Beyond Racism: Lessons From the South

PHILADELPHIA, MISS. — How does a black man win the highest political office in this majority-white town, infamous for one of the vilest acts of racial violence in modern American history?

James Young knows precisely. The chatty, barrel-chested Pentecostal pastor and former town ambulance worker became the city’s first black mayor last year, mainly by promising he wouldn’t fix anybody’s traffic tickets. But despite his well-known face and pro-business outlook, Mr. Young admits he still bears the burden of his race in the eyes of many townspeople.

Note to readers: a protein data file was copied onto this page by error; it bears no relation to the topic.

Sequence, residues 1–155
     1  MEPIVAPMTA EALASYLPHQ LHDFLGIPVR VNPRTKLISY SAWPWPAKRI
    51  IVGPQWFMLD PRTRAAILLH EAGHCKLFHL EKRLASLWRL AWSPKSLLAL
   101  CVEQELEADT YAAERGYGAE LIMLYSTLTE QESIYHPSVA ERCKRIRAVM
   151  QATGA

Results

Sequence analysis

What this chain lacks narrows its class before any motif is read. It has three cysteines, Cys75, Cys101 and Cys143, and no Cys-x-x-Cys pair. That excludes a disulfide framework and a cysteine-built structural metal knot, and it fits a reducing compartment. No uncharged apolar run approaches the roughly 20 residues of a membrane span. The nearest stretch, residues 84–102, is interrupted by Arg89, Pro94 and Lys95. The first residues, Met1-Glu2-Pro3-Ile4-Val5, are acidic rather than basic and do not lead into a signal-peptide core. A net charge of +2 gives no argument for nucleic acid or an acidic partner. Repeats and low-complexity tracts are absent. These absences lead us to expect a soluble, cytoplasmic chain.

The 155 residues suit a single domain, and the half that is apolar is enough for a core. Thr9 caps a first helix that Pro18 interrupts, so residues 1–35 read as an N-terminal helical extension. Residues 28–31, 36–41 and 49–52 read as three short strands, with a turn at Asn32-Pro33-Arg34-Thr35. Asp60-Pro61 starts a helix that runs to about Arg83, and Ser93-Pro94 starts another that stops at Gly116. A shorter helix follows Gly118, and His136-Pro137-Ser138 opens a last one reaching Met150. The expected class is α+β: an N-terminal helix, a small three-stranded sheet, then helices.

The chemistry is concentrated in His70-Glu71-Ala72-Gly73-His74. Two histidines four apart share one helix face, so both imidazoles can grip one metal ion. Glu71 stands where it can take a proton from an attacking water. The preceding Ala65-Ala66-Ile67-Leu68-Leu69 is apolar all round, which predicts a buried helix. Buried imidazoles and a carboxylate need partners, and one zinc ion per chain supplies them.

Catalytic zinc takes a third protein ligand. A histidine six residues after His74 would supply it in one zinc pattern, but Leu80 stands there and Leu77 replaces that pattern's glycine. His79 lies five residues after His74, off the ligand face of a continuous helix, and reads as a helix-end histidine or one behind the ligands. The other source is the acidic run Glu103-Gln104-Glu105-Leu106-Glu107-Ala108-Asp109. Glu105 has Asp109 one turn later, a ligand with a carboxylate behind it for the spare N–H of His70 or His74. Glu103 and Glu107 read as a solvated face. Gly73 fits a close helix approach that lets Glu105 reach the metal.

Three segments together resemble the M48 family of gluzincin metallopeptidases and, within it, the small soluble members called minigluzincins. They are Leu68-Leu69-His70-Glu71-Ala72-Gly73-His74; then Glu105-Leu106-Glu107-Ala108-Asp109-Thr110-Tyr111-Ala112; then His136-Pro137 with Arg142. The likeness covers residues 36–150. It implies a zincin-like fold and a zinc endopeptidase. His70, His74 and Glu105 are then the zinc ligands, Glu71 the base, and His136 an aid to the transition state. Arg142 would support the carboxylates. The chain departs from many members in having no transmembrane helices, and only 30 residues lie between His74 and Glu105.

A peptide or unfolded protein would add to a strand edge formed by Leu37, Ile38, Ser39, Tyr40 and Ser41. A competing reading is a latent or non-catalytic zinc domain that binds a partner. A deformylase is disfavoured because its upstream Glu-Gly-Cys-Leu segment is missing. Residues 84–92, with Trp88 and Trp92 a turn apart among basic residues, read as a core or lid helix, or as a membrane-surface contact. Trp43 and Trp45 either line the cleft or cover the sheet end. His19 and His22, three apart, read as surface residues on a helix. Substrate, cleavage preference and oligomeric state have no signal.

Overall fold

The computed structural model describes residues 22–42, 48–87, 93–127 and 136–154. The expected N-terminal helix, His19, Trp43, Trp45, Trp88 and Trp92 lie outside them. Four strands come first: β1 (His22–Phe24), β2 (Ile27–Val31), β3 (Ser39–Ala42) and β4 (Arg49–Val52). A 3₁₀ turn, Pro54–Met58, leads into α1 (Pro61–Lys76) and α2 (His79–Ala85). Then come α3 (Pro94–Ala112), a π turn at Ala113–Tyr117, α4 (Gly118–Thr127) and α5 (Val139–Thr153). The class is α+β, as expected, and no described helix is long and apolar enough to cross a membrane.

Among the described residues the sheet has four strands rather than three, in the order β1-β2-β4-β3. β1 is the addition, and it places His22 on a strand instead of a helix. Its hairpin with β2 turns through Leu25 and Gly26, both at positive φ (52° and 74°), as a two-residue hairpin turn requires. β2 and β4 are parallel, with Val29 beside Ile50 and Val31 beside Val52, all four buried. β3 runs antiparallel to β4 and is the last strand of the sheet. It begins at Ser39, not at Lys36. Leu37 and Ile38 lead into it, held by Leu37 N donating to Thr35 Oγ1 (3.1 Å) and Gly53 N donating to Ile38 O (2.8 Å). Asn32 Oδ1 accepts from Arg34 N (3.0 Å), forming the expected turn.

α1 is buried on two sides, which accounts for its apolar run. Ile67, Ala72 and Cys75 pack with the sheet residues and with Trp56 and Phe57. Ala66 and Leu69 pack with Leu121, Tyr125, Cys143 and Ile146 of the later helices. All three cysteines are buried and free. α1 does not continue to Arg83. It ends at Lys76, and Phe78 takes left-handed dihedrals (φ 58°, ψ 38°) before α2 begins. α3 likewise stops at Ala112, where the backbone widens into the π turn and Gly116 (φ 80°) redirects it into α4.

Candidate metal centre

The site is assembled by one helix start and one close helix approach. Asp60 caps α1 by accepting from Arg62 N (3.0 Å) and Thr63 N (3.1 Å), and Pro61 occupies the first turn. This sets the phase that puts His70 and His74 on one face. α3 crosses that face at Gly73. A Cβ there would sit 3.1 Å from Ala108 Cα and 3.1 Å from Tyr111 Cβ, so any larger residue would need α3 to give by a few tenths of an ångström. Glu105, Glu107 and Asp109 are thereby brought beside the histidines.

So how did he overcome the racial odds? “My philosophy is that I refuse to stop the truck and get out to fight you,” he says. “I’m going to keep moving forward.”

Race relations in Philadelphia, Miss. have come a long way since 1964 when three civil rights activists were murdered there, inspiring the movie “Mississippi Burning.”
Today, James Young (r.), the town’s first black mayor, sits in a diner with James David Williams (l.), who says he didn’t vote for the Young, but that he plans to next time.

Young’s slim, 47-vote victory in this town of 8,000 is hardly proof that racial prejudice is dead in the South, never mind here, …

Read more at Southern Partisan Online
(The opinions in this article are the opinions of the author and do not necessarily represent the views of Southern Nation News or SN.O.)

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